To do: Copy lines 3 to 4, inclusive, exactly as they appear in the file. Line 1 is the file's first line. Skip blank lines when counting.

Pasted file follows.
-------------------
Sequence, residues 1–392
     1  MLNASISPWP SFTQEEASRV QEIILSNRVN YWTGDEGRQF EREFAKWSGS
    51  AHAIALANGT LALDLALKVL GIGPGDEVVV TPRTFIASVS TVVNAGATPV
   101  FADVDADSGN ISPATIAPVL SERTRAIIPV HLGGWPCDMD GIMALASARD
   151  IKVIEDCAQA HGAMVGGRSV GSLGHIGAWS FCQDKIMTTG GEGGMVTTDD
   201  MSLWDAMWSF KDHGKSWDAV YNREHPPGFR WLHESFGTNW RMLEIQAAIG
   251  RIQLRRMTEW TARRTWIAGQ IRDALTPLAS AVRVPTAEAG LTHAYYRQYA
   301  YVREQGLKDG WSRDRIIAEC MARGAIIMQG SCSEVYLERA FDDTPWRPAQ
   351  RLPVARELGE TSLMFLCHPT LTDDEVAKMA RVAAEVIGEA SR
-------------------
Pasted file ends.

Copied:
    51  AHAIALANGT LALDLALKVL GIGPGDEVVV TPRTFIASVS TVVNAGATPV
   101  FADVDADSGN ISPATIAPVL SERTRAIIPV HLGGWPCDMD GIMALASARD